I have always been a goal-driven person and instead of New Year’s resolutions, I’ve set goals. I pulled out an old journal in which I wrote them down and had quite a bit of fun reading about myself twelve years ago.
In 2003 I set goals in the following categories: financial, professional, physical, relationships, spiritual, home, knowledge development. Most of the goals in the list are completed, things like ‘pay off house in five years’ and ‘gain a new skill’. But some are still so elusive ‘run 5 km in less than 25 minutes’. I also have a page where I wrote criteria for the ‘Perfect Life’. By age 34 I had accomplished all the things on this list – I had a loving husband, a healthy baby girl, professional success, overseas travel annually, strong relationships and a healthy fit body.
So I’m asking myself what went wrong between age 34 and 40 ? The past six years have seen a decline in my health so much so that I can’t work for several months. The introduction of kids into my life has some relevance for sure. Many busy mothers reading this will understand the strain that children introduce into your life. A lot of joy, which is well worth the strain, but they nevertheless contributed to my health decline – because I let it happen.
Two things that are evident by what I’ve written in this journal is that I didn’t manage to get on top of my stress and that I, even in 2003, aspired to have writing in my life. There is mention, even before kids of more time for myself. I did not make the time and space back then for me and how much was that exacerbated by the introduction of needy little people who literally suck from your body! I didn’t prioritise myself then and that was a big mistake.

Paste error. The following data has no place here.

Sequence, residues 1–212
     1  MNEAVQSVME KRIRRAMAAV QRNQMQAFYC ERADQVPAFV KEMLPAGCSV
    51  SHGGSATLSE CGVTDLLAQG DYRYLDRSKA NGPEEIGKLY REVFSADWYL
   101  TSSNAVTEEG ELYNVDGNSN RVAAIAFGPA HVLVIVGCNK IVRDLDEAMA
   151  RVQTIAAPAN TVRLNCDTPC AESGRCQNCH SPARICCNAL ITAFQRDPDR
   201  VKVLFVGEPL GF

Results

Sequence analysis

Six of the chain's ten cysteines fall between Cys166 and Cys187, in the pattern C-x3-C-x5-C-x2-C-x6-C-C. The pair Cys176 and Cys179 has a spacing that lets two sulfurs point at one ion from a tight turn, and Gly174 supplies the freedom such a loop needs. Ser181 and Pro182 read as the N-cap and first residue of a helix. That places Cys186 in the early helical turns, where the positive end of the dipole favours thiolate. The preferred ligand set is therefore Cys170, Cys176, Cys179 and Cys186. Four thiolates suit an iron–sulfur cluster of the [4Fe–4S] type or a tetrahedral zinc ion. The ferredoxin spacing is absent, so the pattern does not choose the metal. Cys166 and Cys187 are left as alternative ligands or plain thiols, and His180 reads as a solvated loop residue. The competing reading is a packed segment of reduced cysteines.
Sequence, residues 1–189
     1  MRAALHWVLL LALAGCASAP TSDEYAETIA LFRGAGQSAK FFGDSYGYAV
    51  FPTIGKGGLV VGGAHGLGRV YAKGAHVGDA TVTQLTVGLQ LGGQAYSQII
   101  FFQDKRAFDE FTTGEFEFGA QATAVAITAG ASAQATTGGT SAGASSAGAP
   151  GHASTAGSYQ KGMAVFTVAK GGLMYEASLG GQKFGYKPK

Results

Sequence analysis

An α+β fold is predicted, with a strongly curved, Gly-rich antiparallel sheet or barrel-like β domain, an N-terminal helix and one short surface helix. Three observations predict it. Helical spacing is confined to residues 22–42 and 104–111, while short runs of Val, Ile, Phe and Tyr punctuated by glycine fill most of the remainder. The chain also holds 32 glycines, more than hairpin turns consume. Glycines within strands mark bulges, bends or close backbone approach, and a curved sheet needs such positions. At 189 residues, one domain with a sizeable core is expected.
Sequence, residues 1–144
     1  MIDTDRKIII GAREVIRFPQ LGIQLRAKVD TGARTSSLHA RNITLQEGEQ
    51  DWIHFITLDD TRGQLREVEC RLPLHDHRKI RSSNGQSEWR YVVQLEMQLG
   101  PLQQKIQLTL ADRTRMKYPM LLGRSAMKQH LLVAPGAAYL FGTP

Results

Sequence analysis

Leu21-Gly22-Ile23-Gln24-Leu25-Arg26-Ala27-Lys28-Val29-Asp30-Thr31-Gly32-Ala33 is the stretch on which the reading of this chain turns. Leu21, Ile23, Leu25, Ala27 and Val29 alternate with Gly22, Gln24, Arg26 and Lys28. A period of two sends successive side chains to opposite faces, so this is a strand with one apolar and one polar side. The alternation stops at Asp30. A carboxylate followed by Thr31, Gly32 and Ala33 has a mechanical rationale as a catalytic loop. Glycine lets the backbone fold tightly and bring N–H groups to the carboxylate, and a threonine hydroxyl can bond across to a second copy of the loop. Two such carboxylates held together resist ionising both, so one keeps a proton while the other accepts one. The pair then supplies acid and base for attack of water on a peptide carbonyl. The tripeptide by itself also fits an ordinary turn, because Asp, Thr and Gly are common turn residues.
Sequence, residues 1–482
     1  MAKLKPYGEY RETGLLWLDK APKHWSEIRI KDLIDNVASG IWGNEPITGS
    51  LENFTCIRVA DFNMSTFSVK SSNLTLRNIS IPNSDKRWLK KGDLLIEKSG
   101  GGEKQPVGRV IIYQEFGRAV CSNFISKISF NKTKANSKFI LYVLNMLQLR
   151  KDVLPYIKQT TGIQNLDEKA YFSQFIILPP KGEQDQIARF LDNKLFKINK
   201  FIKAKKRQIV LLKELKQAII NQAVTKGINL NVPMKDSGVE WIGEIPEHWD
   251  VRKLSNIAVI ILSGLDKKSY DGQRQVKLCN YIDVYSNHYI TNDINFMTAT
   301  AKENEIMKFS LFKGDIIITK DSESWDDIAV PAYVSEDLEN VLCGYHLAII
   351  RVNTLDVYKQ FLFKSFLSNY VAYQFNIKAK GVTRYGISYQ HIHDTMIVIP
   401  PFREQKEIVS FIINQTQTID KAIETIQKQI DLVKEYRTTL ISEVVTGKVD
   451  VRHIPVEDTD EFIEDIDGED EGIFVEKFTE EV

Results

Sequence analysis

In working on my goals in the past few years, I engaged a coach who is really great. She mostly works with working women and focusses on confidence and the ability to cope with the dual pressures of motherhood and career aspirations. She has a wonderful technique called a Vision Board where you literally make a collage of the things you aspire to. It can be electronic or physical and you should look at it daily. This encourages your brain to keep a look out for opportunities on the path towards these goals.
Visualisation is used by many professional sports people. They train their brains to live the visual image of success and thereby making it attainable. I remember reading about it when I was much younger and creating a mini collage of the things I wanted. The amazing thing is that I have achieved all of the things I included. I had an image of a jogger husband pushing a baby in a pram – check. I had a picture of a fit lady in the gym – check. I had a picture of a baby girl – check. I am now quite frightened by their power and am throwing away the pictures of babies as I certainly can’t handle another one in my depleted state!
The interesting thing is that I cut out those pictures and put them in a journal in my bottom drawer – and yet all of them were achieved. How interesting that the mere process of consciously choosing them and being clear about what I wanted had such an impact.
I’m still (yes, still) reading The How of Happiness by Sonja Lyubomirsky. A happiness-inducing strategy that strongly appeals to me is that of formulating the ‘Best Possible Future Self’. She proposes spending twenty minutes on writing about your best possible future self. What will you have, and be, and do in the future?
I have done this exercise and not only is it a proven happiness booster but how empowering! It helps us clearly articulate what we really want and makes us think about what we need to do now in order to be that future self.
If this appeals to you, I’d highly recommend the activity. Have you articulated, in text or images, what you really want? How can God or the Universe or whatever you believe in, respond, if you don’t ask? Put it out there. What’s the worst that could happen?